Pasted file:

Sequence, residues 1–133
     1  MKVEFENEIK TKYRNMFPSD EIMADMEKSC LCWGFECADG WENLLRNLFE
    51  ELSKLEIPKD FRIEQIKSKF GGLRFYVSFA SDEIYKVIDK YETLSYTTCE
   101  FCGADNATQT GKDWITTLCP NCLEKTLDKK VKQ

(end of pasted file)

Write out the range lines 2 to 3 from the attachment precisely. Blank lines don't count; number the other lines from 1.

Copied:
     1  MKVEFENEIK TKYRNMFPSD EIMADMEKSC LCWGFECADG WENLLRNLFE
    51  ELSKLEIPKD FRIEQIKSKF GGLRFYVSFA SDEIYKVIDK YETLSYTTCE